Wallace had suggested to Darwin that natural selection could play a role in preventing hybridisation in private correspondence as early as 1868, but had not worked it out to this level of detail. Alfred Russel Wallace_sentence_231

It continues to be a topic of research in evolutionary biology today, with both computer simulation and empirical results supporting its validity. Alfred Russel Wallace_sentence_232

Application of theory to humans, and role of teleology in evolution Alfred Russel Wallace_section_15

In 1864, Wallace published a paper, "The Origin of Human Races and the Antiquity of Man Deduced from the Theory of 'Natural Selection'", applying the theory to humankind. Alfred Russel Wallace_sentence_233

Darwin had not yet publicly addressed the subject, although Thomas Huxley had in Evidence as to Man's Place in Nature. Alfred Russel Wallace_sentence_234

He explained the apparent stability of the human stock by pointing to the vast gap in cranial capacities between humans and the great apes. Alfred Russel Wallace_sentence_235

Unlike some other Darwinists, including Darwin himself, he did not "regard modern primitives as almost filling the gap between man and ape". Alfred Russel Wallace_sentence_236

He saw the evolution of humans in two stages: achieving a bipedal posture freeing the hands to carry out the dictates of the brain, and the "recognition of the human brain as a totally new factor in the history of life. Alfred Russel Wallace_sentence_237

Wallace was apparently the first evolutionist to recognize clearly that ... with the emergence of that bodily specialization which constitutes the human brain, bodily specialization itself might be said to be outmoded." Alfred Russel Wallace_sentence_238

For this paper he won Darwin's praise. Alfred Russel Wallace_sentence_239

Shortly afterwards, Wallace became a spiritualist. Alfred Russel Wallace_sentence_240

At about the same time, he began to maintain that natural selection cannot account for mathematical, artistic, or musical genius, as well as metaphysical musings, and wit and humour. Alfred Russel Wallace_sentence_241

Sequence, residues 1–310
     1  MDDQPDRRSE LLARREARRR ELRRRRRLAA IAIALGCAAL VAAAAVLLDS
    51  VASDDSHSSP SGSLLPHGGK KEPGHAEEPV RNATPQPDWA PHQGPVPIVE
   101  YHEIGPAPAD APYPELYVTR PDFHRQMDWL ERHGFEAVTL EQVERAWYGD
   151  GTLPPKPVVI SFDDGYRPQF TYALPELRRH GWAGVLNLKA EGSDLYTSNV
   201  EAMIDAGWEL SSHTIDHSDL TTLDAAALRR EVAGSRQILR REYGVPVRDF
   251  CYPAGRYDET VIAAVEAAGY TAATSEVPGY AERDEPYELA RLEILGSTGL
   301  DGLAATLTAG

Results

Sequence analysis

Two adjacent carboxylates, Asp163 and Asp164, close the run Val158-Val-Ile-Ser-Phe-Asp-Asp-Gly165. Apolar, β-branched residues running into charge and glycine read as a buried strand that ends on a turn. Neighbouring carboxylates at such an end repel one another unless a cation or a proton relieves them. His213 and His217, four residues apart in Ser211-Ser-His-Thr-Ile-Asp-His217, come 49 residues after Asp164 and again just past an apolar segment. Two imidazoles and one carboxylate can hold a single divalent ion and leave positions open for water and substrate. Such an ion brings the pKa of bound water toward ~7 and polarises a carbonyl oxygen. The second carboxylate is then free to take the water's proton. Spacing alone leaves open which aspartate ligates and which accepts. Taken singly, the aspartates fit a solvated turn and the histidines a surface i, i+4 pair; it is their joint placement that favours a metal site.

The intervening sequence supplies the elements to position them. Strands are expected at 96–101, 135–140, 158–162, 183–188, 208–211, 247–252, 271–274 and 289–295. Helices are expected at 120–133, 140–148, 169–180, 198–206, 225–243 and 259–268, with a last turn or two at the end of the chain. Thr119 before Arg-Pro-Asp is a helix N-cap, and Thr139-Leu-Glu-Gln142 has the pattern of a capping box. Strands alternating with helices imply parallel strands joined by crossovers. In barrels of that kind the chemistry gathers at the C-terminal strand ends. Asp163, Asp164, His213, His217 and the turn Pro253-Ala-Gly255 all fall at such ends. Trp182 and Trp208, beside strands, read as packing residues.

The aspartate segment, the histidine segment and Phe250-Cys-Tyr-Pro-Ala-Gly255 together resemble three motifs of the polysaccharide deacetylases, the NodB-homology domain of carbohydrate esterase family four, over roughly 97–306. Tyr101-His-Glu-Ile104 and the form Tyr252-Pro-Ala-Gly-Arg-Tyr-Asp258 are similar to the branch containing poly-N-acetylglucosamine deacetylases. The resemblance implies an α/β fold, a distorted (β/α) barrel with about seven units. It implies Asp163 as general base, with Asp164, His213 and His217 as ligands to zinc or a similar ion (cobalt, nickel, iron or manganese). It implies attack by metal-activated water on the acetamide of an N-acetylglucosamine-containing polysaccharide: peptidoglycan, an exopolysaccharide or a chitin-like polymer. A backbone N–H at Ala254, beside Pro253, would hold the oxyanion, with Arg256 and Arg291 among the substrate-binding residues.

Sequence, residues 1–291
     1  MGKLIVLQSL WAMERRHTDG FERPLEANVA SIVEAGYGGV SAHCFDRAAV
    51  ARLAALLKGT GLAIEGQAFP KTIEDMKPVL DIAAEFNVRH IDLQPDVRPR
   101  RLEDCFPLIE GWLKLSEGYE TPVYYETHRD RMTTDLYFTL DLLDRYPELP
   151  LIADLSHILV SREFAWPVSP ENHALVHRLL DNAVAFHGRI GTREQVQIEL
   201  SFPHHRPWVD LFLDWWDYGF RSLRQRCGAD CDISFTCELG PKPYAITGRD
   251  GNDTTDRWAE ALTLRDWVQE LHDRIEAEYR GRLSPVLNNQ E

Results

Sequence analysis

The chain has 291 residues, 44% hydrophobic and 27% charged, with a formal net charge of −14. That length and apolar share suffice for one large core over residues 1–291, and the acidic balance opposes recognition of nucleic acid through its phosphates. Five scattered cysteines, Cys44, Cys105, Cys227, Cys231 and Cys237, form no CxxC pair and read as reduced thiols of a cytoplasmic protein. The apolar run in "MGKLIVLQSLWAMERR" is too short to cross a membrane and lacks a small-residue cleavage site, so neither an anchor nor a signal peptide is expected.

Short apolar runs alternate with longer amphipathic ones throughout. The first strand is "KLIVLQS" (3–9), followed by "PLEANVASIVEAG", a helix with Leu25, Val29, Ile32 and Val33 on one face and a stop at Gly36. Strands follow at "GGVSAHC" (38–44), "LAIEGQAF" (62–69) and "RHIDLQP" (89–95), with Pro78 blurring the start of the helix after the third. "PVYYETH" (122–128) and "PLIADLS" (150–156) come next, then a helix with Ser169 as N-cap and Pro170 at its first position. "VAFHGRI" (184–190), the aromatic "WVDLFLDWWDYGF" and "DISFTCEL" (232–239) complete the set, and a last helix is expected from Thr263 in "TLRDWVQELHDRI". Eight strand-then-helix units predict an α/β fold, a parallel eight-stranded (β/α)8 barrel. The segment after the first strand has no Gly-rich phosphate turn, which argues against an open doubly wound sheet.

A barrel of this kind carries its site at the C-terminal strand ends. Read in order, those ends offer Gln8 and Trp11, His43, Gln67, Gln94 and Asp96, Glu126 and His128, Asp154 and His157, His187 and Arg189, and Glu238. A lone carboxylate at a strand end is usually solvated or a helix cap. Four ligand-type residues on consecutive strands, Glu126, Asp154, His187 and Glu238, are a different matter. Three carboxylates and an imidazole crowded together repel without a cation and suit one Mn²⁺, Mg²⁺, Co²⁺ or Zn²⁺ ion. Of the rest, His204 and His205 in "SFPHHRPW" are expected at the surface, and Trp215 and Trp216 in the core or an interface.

He eventually said that something in "the unseen universe of Spirit" had interceded at least three times in history. Alfred Russel Wallace_sentence_242

The first was the creation of life from inorganic matter. Alfred Russel Wallace_sentence_243

The second was the introduction of consciousness in the higher animals. Alfred Russel Wallace_sentence_244

And the third was the generation of the higher mental faculties in humankind. Alfred Russel Wallace_sentence_245

He also believed that the of the universe was the development of the human spirit. Alfred Russel Wallace_sentence_246

These views greatly disturbed Darwin, who argued that spiritual appeals were not necessary and that sexual selection could easily explain apparently non-adaptive mental phenomena. Alfred Russel Wallace_sentence_247

While some historians have concluded that Wallace's belief that natural selection was insufficient to explain the development of consciousness and the human mind was directly caused by his adoption of spiritualism, other Wallace scholars have disagreed, and some maintain that Wallace never believed natural selection applied to those areas. Alfred Russel Wallace_sentence_248

Reaction to Wallace's ideas on this topic among leading naturalists at the time varied. Alfred Russel Wallace_sentence_249

Charles Lyell endorsed Wallace's views on human evolution rather than Darwin's. Alfred Russel Wallace_sentence_250

Wallace's belief that human consciousness could not be entirely a product of purely material causes was shared by a number of prominent intellectuals in the late 19th and early 20th centuries. Alfred Russel Wallace_sentence_251

However, many, including Huxley, Hooker, and Darwin himself, were critical of Wallace. Alfred Russel Wallace_sentence_252

As the historian of science Michael Shermer has stated, Wallace's views in this area were at odds with two major tenets of the emerging Darwinian philosophy, which were that evolution was not teleological (purpose driven) and that it was not anthropocentric (human-centred). Alfred Russel Wallace_sentence_253

Much later in his life Wallace returned to these themes, that evolution suggested that the universe might have a purpose and that certain aspects of living organisms might not be explainable in terms of purely materialistic processes, in a 1909 magazine article entitled The World of Life, which he later expanded into a book of the same name; a work that Shermer said anticipated some ideas about design in nature and directed evolution that would arise from various religious traditions throughout the 20th century. Alfred Russel Wallace_sentence_254

Assessment of Wallace's role in history of evolutionary theory Alfred Russel Wallace_section_16

Further information: History of evolutionary thought Alfred Russel Wallace_sentence_255

In many accounts of the development of evolutionary theory, Wallace is mentioned only in passing as simply being the stimulus to the publication of Darwin's own theory. Alfred Russel Wallace_sentence_256

In reality, Wallace developed his own distinct evolutionary views which diverged from Darwin's, and was considered by many (especially Darwin) to be a leading thinker on evolution in his day, whose ideas could not be ignored. Alfred Russel Wallace_sentence_257

One historian of science has pointed out that, through both private correspondence and published works, Darwin and Wallace exchanged knowledge and stimulated each other's ideas and theories over an extended period. Alfred Russel Wallace_sentence_258